Black American linguist John McWhorter argues that "the use of the term does more to hinder black academic achievement than to help it, in that considering AAVE to be a completely different language from English serves only to widen the perceived divide between whites and blacks in the United States."
They believe African slaves, upon arriving in the United States, picked up English very slowly and learned it incorrectly, and that these mistakes have been passed down through generations. In other words, AAVE is just "bad English." There are other hypotheses of how AAVE came to be, but all have the same thing in common. Bad English.
Lastly, you need the rules of prescriptive language to speak descriptive. Prescriptive are rules when descriptive is practice. Both have there uses. I can say, "That cake was awesome!" But you'd be hard pressed to find a cake that is awe inspiring. But that statement, being said descriptively, you still know what I mean. It's technically bad english, but the message gets across all the same. You said that there are no such things as double negatives that equate to a positive because "thats a math rule". Prescriptively, you are wrong.
Any rebuttals to this discussion? I'm very curious to hear more from you
I am not saying that a language has no rules. That is not true at all, and I was referring to the way in which rules of a language are being handled by linguists. "Prescriptivism" is the notion that language is something unorganic: rules are created by people in power and then enforced in schools, professional life, etc. A good example that exemplifies prescrivism is in French in Frace: they have an institute that create rules for how "proper" French should be spoken and written. However, this leads to a divide with speakers of French: in the professional life the French use the "official" mode of communication, but in all other contexts they use local varieties that come natural to them. This leads me to how the same thing goes for AAVE: of course there are doctors and lawyers that use AAVE, but they only use it in their home communities where there is no stigma. In their professional life they use General American as much as possible. This is called code-switching.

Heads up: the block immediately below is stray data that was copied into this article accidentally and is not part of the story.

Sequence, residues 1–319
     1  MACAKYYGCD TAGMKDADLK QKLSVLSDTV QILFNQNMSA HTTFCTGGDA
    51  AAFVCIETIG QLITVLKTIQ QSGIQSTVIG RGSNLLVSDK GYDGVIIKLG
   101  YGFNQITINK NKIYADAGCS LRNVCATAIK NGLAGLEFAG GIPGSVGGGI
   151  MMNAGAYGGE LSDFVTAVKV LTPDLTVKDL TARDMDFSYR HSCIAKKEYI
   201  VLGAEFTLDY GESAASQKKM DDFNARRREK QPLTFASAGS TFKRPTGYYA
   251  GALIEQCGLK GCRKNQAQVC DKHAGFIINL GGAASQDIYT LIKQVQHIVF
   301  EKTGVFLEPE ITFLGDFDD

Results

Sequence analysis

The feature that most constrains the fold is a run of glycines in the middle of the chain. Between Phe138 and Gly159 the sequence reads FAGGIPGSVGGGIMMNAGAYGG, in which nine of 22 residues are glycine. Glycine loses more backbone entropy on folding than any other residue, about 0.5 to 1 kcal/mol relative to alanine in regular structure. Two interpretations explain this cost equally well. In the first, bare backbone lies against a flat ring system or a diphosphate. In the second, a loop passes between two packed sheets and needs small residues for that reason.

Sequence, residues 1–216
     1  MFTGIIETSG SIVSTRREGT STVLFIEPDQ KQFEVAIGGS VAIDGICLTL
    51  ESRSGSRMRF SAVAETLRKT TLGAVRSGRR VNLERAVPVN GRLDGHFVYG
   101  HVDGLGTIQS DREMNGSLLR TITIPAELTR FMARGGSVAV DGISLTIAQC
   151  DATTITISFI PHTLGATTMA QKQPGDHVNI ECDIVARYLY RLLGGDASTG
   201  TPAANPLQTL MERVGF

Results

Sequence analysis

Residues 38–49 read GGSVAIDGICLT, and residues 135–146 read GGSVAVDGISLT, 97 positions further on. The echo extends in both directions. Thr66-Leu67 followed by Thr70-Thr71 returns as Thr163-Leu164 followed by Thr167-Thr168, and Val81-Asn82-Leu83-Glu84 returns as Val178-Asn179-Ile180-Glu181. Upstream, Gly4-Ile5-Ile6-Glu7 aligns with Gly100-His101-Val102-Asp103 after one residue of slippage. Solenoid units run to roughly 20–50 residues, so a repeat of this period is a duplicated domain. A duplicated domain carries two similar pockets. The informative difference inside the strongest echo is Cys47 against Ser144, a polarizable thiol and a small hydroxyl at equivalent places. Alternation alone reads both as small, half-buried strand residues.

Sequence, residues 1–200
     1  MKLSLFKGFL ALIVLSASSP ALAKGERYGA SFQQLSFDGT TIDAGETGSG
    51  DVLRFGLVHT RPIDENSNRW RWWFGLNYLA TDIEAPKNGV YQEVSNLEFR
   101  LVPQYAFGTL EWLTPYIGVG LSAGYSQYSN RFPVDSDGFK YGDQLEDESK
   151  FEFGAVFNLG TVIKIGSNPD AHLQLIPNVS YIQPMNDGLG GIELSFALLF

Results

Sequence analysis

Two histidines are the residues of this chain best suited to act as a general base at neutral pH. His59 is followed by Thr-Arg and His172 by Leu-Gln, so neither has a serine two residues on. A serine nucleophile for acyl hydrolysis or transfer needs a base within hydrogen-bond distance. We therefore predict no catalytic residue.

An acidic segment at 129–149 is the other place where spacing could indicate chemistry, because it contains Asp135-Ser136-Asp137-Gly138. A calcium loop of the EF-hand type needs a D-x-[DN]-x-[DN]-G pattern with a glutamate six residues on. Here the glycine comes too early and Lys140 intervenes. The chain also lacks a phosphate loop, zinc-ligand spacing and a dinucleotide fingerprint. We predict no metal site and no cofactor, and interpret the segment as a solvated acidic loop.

When it comes to the origin of English and General American you are partly on track. English used to be "phonetic" (I am assuming that by phonetic you mean that people who wrote English "back in the day" wrote in the same manner as they spoke). This notion of English being phonetic changed not because of the reformation or French or Latin influences (these came much earlier than the 1500s. Latin influence on English pre-dated Old English, i.e. before the year 500, and French came with the turn into Middle English, i.e. the year 1350). English needed rules after the printing press was invented in England by William Caxton, when suddenly the entire country had the opportunity to read books in English. The King James Bible was another contributing factor to the sudden need to standardized rules.